I stopped by Clermont County Park District’s annual Pancakes in the Park breakfast at Pattison Park last Saturday morning and enjoyed some real maple syrup with blueberries on my pancakes. Even sweeter was reminiscing with a few old timers who happen to know a thing or two about tapping maple trees and other long forgotten treasures of Americana. Before leaving I went out to the cooking shed for a few minutes where a crew was stoking the fire and boiling a batch of maple sap down to a syrup consistency. I even picked up a “spile” tap to try my luck on one of our sugar maples at home before the sap quits running for the season.
Times sure have changed. It hasn’t been all that long ago since most rural families tapped a few trees each spring to make their own syrup and boil a batch down enough to make some maple sugar candy. I remember well my folks tapping trees when I was four years old. I don’t know if Dad used a store bought spile or if he fashioned one from a sturdy sumac shoot the way the Indians and pioneers did, but he got the job done.
Instead of a big iron pot hanging over an open fire in the yard, Mom fired up the wood burning cook stove in the kitchen to boil the maple sap in a large kettle on the stove. I’ve heard that the steam generated from boiling maple sap in the kitchen is a good way to steam wallpaper completely off the walls. Apparently we didn’t have any wallpaper because I don’t recall that being a problem, but I do remember the maple syrup candy tasted mighty good.
The old farm house where we lived when I was four (keep in mind my “gypsy” parents moved just about every year) stood along a dirt road near Walhonding, Ohio. Our landlord, Mr. Bell, had grown up in the five room house during the early 1900s. He still raised crops, cattle, and sheep on the farm, but he and his family now lived in a fancy house atop a hill at the end of a long lane down the road from us.
Mr. Bell’s home had indoor plumbing and other amenities commonly found in new homes in the early 1950s. The only modern amenity we had in the tenant farmhouse was electricity. Water was carried from a springhouse that straddled a spring fed creek at one end of the yard. A well-seasoned outhouse straddled a hole at the other end of the yard, and, as was the custom of the day, our “bathroom” was a big wash tub that straddled two chairs in the kitchen on Saturday nights. Dad would pour big buckets of hot water in the tub and Mom would scrub us (my brother Bob, sister Kathy, and me) with a bar of Fels-Naptha soap, and then give us towels to dry off in front of the woodstove.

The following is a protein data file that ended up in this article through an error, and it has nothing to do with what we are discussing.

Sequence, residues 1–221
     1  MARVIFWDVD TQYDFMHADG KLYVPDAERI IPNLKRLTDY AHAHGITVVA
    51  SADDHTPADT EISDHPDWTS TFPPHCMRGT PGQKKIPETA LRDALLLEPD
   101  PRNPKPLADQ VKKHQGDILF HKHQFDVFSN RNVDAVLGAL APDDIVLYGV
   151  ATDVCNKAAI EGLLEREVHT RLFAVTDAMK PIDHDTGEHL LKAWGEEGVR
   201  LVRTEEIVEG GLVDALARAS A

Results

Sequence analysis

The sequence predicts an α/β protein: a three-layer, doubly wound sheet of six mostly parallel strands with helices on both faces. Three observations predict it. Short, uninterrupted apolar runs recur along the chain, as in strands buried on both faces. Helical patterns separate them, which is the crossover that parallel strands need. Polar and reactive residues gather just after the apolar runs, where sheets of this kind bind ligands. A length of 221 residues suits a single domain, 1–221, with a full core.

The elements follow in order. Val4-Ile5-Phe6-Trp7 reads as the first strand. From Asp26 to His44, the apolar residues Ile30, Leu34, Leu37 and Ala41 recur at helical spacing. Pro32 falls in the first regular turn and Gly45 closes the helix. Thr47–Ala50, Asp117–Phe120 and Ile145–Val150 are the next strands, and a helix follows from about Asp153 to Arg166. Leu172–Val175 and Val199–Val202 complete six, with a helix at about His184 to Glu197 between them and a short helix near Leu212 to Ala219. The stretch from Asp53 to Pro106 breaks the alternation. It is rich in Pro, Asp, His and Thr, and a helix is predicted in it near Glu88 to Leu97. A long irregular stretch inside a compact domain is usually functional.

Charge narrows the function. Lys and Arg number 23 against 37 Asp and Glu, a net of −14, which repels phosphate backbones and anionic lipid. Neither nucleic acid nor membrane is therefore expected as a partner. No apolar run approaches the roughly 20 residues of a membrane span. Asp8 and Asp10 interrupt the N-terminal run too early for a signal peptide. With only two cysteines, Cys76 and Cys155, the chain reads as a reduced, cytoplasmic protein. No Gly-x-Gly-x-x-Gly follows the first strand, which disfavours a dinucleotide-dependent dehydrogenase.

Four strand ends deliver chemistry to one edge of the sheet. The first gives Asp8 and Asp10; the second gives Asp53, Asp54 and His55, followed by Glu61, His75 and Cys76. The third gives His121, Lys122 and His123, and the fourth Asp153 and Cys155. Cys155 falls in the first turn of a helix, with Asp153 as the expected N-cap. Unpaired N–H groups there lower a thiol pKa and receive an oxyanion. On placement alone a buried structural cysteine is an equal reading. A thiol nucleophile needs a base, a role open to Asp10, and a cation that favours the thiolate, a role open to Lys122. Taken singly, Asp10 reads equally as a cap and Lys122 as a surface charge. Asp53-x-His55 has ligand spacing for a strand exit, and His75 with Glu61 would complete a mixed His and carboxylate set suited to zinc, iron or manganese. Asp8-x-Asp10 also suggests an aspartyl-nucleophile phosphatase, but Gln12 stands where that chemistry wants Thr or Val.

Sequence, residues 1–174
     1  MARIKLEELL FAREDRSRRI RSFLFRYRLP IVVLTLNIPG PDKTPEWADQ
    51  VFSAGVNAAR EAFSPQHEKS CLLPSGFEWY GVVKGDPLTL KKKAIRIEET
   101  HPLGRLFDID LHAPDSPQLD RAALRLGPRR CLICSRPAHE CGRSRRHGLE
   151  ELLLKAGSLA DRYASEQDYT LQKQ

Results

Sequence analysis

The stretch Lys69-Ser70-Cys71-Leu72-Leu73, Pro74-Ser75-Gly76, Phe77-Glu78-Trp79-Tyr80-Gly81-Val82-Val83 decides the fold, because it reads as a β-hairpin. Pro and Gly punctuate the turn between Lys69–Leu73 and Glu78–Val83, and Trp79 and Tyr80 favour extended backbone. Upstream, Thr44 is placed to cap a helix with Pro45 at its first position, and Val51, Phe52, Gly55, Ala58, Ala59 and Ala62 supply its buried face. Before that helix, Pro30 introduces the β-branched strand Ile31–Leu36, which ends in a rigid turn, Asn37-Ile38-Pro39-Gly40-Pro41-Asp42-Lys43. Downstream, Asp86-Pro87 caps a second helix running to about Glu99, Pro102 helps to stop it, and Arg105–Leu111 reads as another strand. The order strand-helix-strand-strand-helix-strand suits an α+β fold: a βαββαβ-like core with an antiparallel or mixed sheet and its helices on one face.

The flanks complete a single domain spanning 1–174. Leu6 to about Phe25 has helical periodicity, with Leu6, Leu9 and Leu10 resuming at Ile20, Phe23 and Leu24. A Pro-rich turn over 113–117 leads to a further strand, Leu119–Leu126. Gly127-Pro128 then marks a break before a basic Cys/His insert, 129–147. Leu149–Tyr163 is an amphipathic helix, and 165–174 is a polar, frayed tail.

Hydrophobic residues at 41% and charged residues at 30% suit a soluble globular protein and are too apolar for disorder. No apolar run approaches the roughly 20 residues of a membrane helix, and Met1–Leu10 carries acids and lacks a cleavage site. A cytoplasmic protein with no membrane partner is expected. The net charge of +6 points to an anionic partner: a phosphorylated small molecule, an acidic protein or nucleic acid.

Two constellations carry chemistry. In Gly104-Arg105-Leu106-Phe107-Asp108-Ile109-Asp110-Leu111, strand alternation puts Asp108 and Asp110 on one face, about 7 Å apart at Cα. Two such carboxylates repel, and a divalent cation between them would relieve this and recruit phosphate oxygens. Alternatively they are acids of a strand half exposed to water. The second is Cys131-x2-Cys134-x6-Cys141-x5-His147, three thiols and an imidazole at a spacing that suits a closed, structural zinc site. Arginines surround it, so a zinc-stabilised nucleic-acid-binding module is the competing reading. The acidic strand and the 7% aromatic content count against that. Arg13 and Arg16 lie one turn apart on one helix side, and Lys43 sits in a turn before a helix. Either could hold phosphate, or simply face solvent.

You rarely see a functioning springhouse today but during the 1800s and up through the 1950s these small stone structures were almost as common as chicken coops. If there was no river close by, a farmer would strategically build his home near a spring or creek and then construct a springhouse over the spring or creek.
Watercress grew in our stream, and minnows, tadpoles, and an occasional lizard could be spotted near the springhouse, but the water that flowed through the shallow open well inside was crystal clear and perfectly safe to drink, which we often did using a tin cup that hung inside the door. We had a refrigerator in the house so Mom didn’t store milk in the springhouse well, but I do remember her placing a watermelon in the well to keep it cool.
Not far down the road past Mr. Bell’s driveway an even smaller dirt road branched off and followed the river for several miles. There were two bridges along this stretch of the river, which were frequented by fishermen, including my parents. One of the bridges was known as the “singing bridge” because its wooden plank floor rattled and hummed when vehicles drove across it. The other we called the “broken bridge”. The entrance was blocked by a guardrail because its wooden planks had all been removed, although the iron skeleton of the bridge still spanned the river.
Going the other direction from our house, the road made its way up a long steep hill toward New Castle. This stretch was known as horse heaven hill because for decades local farmers had been dumping the carcasses of deceased horses off a steep embankment on one side of the road. Unfortunately, the spot had also become a favorite place for dumping garbage, old refrigerators, and even a few old cars.
It was on horse heaven hill one night during the summer of 1950 that I saw a bear for the first time. Dad was driving down the hill when the headlights of his 1942 Ford fell on the form of a rather large black bear. Dad pulled the car to a stop and we kids stood up in the back seat to have a good look. At about the same moment the bear rose up on his hind legs to have a good look at us. After a long moment the bear was satisfied that we meant him no harm so he dropped back to all fours and waddled over the steep side of the road toward horse heaven, no doubt to pick through the garbage.
That same summer Mom and Dad butchered a nanny goat, stringing her up in a tree in the front yard to gut and dress her– a sight I shall never forget. And we lost Shep that summer because he didn’t have good sense to sleep somewhere besides the middle of the road. Fittingly, when Mom tucked us into bed that night she sang Red Foley’s tune, Old Shep, as we kids clung to each other while tears streamed down our cheeks.
Other fond memories of our year-long stay at Bell’s still linger in my mind, memories like playing in the creek and sled riding on the hill where sheep grazed in the summer, but when spring came it was time to move on to a new home and new adventures, and so we did.
George Brown is a freelance writer. He and his wife, Yvonne, live in Jackson Township.